Self-care in the early days

When we lose a much loved pet, we have to address three issues – we have to deal initially with the loss, then adjust to our lives without our pet and finally take back control of our lives. 

It is fairly basic but sage advice to look after yourself during bereavement. Self-care is so important yet our own physical health and well-being is often the first to be ignored, in turn making life and grieving harder to cope with.   

Working to a routine can help with eating, sleeping and exercising. You may have lost your appetite and not wish to eat, however trying to eat something light is better than not even attempting to eat anything. 

Emotional stress is draining and makes you feel very tired. Getting the right amount of sleep is important. Avoiding alcohol and caffeine and having a pre-bedtime routine helps. Getting out of the house into the fresh air can help, or any type of exercise you are able to do.  

Fresh air and nature can help with grief


Complementary or alternative therapies have been shown to have a very positive impact on those who are grieving. There are a variety of therapies and choosing the one that suits you is important.  

Therapies are known to relieve stress and improve overall immunity, improve mental and physical well-being, release tension and encourage relaxation. You may wish to explore the following therapies and decide what one suits you best:

  • Grounding
  • Relaxation
  • Mindfulness
  • Breathing exercises
  • Crystal Healing
  • Art Therapy
  • Acupuncture
  • Herbs / homeopathy
  • Emotional Freedom Technique (EFT)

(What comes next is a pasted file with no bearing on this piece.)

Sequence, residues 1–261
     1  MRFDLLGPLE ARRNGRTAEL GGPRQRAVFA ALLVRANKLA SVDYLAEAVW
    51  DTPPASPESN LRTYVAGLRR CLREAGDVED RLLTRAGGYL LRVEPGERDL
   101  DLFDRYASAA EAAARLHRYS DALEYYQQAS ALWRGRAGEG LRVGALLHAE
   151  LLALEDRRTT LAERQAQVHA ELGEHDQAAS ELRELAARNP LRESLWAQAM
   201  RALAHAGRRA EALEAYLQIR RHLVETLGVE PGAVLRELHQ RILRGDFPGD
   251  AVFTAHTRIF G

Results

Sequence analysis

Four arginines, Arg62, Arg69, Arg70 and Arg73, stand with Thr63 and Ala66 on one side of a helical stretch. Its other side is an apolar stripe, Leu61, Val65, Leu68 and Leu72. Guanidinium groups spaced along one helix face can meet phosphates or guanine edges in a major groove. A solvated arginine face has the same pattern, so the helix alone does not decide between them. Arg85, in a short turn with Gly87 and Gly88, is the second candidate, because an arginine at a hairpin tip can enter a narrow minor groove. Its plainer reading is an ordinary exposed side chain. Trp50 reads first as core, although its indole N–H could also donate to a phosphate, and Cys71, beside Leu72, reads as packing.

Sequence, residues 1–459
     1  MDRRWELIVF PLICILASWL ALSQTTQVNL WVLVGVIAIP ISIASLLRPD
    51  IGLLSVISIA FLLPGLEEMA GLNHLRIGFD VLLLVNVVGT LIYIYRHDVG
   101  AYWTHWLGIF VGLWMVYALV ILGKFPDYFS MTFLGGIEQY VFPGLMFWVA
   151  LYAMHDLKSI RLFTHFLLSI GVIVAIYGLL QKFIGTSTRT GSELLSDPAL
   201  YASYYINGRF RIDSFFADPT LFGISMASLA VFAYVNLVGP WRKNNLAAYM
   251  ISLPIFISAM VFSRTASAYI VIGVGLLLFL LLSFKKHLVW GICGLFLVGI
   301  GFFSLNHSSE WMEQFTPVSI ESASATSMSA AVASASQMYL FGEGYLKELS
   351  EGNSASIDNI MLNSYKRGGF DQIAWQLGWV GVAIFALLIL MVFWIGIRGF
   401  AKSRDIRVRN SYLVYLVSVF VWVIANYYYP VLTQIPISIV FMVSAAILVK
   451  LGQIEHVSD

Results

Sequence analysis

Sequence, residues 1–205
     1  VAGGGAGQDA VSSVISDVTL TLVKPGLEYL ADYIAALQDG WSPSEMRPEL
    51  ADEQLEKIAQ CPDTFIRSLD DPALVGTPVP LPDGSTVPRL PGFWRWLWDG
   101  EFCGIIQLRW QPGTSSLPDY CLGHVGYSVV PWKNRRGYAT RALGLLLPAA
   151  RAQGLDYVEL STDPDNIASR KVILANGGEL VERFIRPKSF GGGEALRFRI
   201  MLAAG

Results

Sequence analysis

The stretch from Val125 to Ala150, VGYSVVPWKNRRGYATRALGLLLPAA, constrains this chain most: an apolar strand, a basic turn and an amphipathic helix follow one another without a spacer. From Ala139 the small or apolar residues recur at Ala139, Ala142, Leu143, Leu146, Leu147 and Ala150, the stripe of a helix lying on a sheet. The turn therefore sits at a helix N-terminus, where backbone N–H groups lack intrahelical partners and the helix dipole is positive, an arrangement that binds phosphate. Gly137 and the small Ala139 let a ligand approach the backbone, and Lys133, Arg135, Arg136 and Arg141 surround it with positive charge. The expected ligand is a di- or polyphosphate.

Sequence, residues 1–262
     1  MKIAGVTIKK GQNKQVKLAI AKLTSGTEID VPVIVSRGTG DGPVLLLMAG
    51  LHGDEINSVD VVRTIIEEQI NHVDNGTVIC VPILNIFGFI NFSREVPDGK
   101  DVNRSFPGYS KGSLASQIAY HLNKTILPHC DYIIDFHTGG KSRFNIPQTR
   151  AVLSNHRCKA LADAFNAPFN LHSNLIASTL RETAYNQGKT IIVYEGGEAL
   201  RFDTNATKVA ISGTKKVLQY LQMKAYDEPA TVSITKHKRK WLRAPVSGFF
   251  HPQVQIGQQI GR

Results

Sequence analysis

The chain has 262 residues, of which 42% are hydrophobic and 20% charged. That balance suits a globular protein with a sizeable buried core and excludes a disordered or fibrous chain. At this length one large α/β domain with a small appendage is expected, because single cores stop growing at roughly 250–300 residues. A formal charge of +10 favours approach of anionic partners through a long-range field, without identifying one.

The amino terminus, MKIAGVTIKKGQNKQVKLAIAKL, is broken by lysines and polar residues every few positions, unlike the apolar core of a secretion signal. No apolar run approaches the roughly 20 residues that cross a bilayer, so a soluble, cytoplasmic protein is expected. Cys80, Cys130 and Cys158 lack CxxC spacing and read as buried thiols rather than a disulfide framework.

• NLP Therapies (Neuro Linguistic Programing)
  • Meditation
  • Reiki
  • Aromatherapy
  • Massage
  • Laughter Yoga
  • Creative Writing – keep a journal
  • Reflexology

Taking a (homeopathic) remedy like Ignatia, the classic grief remedy, can often help enormously and a remedy like Cocculus, the ultimate carer’s remedy, can help you rationalise the decision you’re having to make.” Holistic Vet Ilse Pedler.

Do pets grieve?

There is no easy way for us, as humans, to properly understand what emotions our pets experience at the time of a loss, however there is evidence to suggest that our pets do grieve.

Like humans, pets show their feelings in a manner of different ways. They may express their feelings by stopping eating and playing or they may become withdrawn or sleep more. Possibly the surviving pet is simply adjusting to its new position in the household, or the pet is truly experiencing a loss of its own, perhaps it’s a bit of both. At this time, we must also remember that the surviving pet will be able to sense their owner’s sorrow and that in turn will influence their behaviour.